6. Replace the casing (or replace the RAM panel if it is a laptop) and put the remaining memory module(s) in a safe, static free environment.
  7. If the problem persists, repeat steps 1-4 and move the memory module to another slot (while staying grounded, of course).
Do this until all slots have been tested. If all slots fail, the memory module may be bad. Test with one of the remaining modules. Continue one module at a time in one slot at a time until you find a good module and good slot. Test remaining modules in the good slot, test good modules in other slots to find bad slots, etc.​



Some of the best information provided by a user who had RAM problems that were difficult to track down:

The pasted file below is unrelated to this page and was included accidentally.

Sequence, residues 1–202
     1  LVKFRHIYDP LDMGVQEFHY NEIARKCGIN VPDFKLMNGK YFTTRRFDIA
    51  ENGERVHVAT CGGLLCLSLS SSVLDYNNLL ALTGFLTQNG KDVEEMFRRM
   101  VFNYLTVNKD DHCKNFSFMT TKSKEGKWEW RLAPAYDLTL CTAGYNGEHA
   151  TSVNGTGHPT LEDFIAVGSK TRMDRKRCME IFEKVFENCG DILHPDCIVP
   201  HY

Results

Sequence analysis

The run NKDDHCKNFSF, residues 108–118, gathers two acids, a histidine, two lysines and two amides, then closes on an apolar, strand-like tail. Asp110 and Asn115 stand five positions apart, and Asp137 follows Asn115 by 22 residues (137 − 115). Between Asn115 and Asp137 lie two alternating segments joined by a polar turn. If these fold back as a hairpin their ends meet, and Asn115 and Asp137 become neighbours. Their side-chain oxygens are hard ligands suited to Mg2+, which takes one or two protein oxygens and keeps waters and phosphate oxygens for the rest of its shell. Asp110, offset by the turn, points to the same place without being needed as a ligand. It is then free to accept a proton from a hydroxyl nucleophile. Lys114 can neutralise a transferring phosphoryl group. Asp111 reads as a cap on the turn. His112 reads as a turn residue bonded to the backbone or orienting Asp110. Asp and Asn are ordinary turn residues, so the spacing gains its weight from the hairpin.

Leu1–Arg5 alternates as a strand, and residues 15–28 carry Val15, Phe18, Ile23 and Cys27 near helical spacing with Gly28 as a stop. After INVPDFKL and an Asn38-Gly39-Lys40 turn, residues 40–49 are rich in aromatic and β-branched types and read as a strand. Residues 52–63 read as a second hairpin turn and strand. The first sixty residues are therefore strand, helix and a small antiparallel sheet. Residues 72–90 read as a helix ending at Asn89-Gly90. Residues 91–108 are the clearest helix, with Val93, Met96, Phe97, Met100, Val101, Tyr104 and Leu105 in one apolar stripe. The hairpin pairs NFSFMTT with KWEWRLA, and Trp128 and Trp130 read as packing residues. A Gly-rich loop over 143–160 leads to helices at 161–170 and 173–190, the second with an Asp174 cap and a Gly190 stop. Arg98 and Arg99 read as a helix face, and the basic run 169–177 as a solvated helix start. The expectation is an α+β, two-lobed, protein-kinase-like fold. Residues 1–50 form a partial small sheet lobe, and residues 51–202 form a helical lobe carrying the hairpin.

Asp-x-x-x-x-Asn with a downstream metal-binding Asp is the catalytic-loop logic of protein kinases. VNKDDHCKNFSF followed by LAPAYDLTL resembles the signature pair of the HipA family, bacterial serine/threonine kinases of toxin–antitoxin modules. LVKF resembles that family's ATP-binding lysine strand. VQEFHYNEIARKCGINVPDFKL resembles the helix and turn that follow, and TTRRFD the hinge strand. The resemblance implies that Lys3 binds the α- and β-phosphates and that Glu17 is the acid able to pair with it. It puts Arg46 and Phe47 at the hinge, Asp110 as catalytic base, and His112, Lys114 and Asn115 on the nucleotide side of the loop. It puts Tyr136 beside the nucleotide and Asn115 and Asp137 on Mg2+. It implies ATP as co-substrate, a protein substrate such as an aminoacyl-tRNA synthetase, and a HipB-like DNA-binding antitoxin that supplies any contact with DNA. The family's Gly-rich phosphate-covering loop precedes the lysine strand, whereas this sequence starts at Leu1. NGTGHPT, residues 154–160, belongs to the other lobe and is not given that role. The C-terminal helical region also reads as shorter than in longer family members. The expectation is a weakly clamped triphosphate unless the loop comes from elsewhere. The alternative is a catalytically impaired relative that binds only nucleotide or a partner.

CaptainDju said:
Okay, finally got the new identical RAM kit delivered, and had time to run some tests, I think the conclusion is indeed a faulty RAM kit:

First I ran a positive control test where I reset the BIOS settings to Auto for all items I had changed in a previous post, and re-installed the faulty RAM in the A2-B2 slots
--> Crashes as frequent as before, as expected

Then I placed the faulty RAM in the A1-B1 to see if it could be a faulty slot (mobo) issue instead
--> Crashes as frequent as before, consistent with the faulty RAM theory, but does not rule out the faulty mobo

Third step was to remove the faulty RAM and install the new RAM kit in slots A1-B1
--> Not a single crash in a total of 10 hours of gaming, where I used to have crashes every few minutes. Still consistent with the faulty RAM theory, but does not rule out the faulty mobo